Future Perfect Tense


The English language is filled with various verb tenses, and the Future Perfect is one of them. It is usually used to indicate that an action will have been completed at some point in the future. To understand this tense properly, we need to delve into its structure, usage, and various forms. By the end of this tutorial, you'll be fully equipped to use the Future Perfect Tense accurately and confidently.


The Future Perfect Tense consists of two components: the future simple of the verb 'to have' (will have) and the past participle of the main verb. The structure of the tense varies a little depending on whether you're forming a positive sentence, a negative sentence, or a question.

Positive Sentences

For positive sentences, the structure is: 'Subject + will have + past participle of the main verb'

For example:

  • "By the end of this year, I will have graduated from college."
  • "She will have finished her assignment by tomorrow."

Negative Sentences

For negative sentences, the structure is: 'Subject + will not have/'won't have' + past participle of the main verb'

For example:

  • "I won't have finished my project by tomorrow."
  • "They will not have arrived by 8 pm."


For questions, the structure is: 'Will + subject + have + past participle of the main verb?'

For example:

  • "Will you have completed the report by this evening?"
  • "Will she have left by the time I get home?"


Let's look at the situations where this tense is commonly used:

To Show an Action will be Completed before Another Future Action or Time

We use the Future Perfect Tense to show that an action will be finished before another action in the future or a specific time in the future.


  • "He will have finished his homework by the time his favorite TV show starts."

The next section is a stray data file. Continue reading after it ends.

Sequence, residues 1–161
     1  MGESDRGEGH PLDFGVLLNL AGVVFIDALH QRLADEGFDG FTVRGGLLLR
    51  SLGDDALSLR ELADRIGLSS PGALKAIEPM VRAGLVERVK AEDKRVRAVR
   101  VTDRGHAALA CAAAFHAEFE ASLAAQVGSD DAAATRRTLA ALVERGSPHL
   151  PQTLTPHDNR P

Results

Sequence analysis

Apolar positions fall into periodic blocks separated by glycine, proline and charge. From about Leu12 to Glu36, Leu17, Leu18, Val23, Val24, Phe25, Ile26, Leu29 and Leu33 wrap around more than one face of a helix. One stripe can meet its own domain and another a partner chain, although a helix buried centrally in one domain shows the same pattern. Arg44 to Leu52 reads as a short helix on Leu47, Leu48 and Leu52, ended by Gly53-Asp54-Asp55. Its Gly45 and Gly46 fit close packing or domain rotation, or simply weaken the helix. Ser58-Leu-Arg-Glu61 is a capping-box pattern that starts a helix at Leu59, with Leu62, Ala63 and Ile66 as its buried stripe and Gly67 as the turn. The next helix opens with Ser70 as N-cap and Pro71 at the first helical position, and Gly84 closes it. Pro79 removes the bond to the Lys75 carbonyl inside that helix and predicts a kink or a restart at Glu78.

• "By next December, we will have been married for five years."

With 'By' and 'By The Time'

The Future Perfect is often used with 'by' or 'by the time'. 'By means 'at the latest before' a certain moment, and 'by the time' means 'when' or 'at the point when'.


  • "By next Monday, Susan will have begun her new job."
  • "By the time you arrive, the concert will have started."


The Future Perfect Tense does not have a continuous form because when we talk about completed future actions or events, we are always referring to an action that has finished. In other words, it is a 'simple' tense.

Common Mistakes

In the Future Perfect Tense, remember to use 'have' after 'will' regardless of the subject. Even when the subject is 'he', 'she', or 'it', never use 'has'. If you do, the sentence will become incorrect. For instance, "She will has completed the project by tomorrow." would be incorrect; the right sentence would be "She will have completed the project by tomorrow."


The Future Perfect Tense may seem a bit intimidating at first, due to its structure and uses. Nevertheless, with practice and close attention to its particular rules, it can become an integral part of your language toolbox, enabling you to express complex timings and interactions of future events. As with any aspect of language learning, the key with the Future Perfect Tense is to keep practicing!

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